The better and cheaper robot technology gets, the more likely it is that workers globally will find themselves displaced. This has its benefits — gone, at least hopefully, will be the days where corporations through lacklustre regulation and lust for money are incentivised to mistreat workers. But there may be problems too. Humans may just invent ourselves out of our own jobs and render more people economically redundant if we don’t think strategically about the implications of robot technology. People need jobs to earn money and to live. Perhaps a job in a Foxconn factory is better than abject poverty. And few would argue that professional work in industries like medicine is bereft of reward.
It might be instinctual to approach the prospect of a robotised economy with fear. When, in Stanley Kubrick's 2001: A Space Odyssey, the robot HAL, who is programmed only to bring about the success of the space mission, turns on the humans around him in his relentless pursuit of his algorithmic destiny, we’re reminded that sometimes the things humans create can take on a ‘life’ of their own and reach beyond our controlling grasp. James Cameron's The Terminator provides an even more dystopian vision of technology threatening human life to the point of near-extinction. These stories are hyperbolic, but they tap into a real fear of the power of things we don’t understand, alongside what might happen if humans were to be rendered redundant.
However, robot technology is actually one of the few things in the world that’s under human control. We build the machines and develop the programs. And just because the technology is there, doesn’t mean we have to use it. Increasingly, governments internationally are recognising their responsibility to regulate the use of robots in their many possible applications — the market availability of the self-driving car, the use of robots in warfare, and defining when it’s okay to displace workers with robots. First, we have to acknowledge the serious potential for robot technology to change our work life, then we all have to have a conversation about what changes are acceptable.
We aren’t used to having these conversations. Technology often seems to evolve faster than our ability to philosophise about its transformative implications. Our lives were mediated by Facebook before we wondered whether they were better off as a result; the atom bomb was unleashed with little consideration for the generations of people who would be affected by the blast; procedures like organ donation after brain death, stem cell therapy, selective abortion, and many others take place despite considerable debate over when life even begins and ends. How robots figure in our work lives can’t be an issue where our minds follow the innovations — we need to have done the thinking first.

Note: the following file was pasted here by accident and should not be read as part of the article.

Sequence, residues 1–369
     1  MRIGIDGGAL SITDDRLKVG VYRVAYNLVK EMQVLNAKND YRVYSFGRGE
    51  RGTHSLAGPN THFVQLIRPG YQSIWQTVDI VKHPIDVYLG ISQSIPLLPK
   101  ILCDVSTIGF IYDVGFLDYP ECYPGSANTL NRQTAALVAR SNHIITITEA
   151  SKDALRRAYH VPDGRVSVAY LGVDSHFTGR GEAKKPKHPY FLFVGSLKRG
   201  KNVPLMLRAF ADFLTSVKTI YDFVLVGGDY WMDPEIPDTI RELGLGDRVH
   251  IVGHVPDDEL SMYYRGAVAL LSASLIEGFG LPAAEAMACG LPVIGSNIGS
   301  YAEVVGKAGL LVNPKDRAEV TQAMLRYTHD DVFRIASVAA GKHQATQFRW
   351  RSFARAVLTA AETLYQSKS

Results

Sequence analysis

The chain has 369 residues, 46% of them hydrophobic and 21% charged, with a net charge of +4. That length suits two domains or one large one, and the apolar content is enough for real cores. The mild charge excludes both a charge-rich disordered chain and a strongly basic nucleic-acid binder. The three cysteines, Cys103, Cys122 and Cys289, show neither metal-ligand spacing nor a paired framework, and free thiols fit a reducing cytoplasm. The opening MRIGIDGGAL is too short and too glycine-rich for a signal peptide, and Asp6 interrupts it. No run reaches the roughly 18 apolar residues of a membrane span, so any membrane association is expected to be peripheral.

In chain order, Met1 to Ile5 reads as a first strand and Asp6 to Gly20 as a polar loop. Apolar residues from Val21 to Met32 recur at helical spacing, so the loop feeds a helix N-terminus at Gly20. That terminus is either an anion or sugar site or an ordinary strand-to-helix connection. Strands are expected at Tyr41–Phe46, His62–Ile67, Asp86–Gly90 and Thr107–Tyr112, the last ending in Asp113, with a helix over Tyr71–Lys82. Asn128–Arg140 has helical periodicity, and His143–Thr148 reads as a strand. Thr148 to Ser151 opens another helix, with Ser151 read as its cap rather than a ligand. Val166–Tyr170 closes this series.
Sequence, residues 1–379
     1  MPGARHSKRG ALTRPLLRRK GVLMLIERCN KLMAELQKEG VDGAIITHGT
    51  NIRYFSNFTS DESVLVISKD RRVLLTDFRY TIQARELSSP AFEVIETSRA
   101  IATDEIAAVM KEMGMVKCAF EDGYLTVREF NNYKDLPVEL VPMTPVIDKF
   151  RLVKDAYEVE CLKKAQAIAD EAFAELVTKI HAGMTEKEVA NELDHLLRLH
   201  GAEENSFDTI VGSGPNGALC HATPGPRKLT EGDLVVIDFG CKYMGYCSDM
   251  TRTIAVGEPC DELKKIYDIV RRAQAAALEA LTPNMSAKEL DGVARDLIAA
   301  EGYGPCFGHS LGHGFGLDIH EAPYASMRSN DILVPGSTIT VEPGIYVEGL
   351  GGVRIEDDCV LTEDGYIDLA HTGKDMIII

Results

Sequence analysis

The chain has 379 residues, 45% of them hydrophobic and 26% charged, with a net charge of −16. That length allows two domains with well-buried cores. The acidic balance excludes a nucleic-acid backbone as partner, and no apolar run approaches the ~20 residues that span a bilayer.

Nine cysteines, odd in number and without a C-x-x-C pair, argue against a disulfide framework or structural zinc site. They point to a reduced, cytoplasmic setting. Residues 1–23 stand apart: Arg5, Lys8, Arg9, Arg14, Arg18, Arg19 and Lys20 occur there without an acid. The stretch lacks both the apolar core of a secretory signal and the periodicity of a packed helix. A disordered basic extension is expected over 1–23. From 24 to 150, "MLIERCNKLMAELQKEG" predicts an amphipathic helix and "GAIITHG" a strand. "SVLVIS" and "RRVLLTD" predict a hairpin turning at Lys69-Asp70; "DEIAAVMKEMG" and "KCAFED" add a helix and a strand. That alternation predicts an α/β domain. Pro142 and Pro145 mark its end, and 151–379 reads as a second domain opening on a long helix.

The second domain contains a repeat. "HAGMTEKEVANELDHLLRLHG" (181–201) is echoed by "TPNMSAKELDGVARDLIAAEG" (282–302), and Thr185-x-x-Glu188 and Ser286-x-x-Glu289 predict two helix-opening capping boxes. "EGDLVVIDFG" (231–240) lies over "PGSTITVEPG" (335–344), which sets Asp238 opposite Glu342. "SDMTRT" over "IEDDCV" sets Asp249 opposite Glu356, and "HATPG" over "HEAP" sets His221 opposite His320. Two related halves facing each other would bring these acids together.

In June, the European Union published evidence of anticipating the changing role of robots. The EU Committee on Legal Affairs released a draft report which states: “...now that humankind stands on the threshold of an era when ever more sophisticated robots, bots, androids and other manifestations of artificial intelligence (“AI”) seem poised to unleash a new industrial revolution, which is likely to leave no stratum of society untouched, it is vitally important for the legislature to consider all its implications.” The EU report notes that robots have the power to increase overall production and efficiency and wear the burden of unsafe tasks but may increase the social burden of unemployment. It articulates the need for nations to examine social welfare and income equality arrangements as Switzerland has done recently with their public debate about the basic income, paid to everyone regardless of earnings, to provide a financial buffer in the case of job loss (potentially as a result of technology).
Companies using robots, suggests the EU report, also have to factor in the possibility of potential hacking of their technology and take steps to ensure data protection. They also will need to ensure the safety of robots in autonomous roles, such as caring for patients. Provisions would be in place in case robots became more intelligent than we’ve anticipated so far, and even in the unlikely event that human existence could be threatened by robots. For instance, if a HAL-type machine challenged humanity’s “capacity to be in charge of its own destiny", the EU would have some legislative framework to meet the challenge.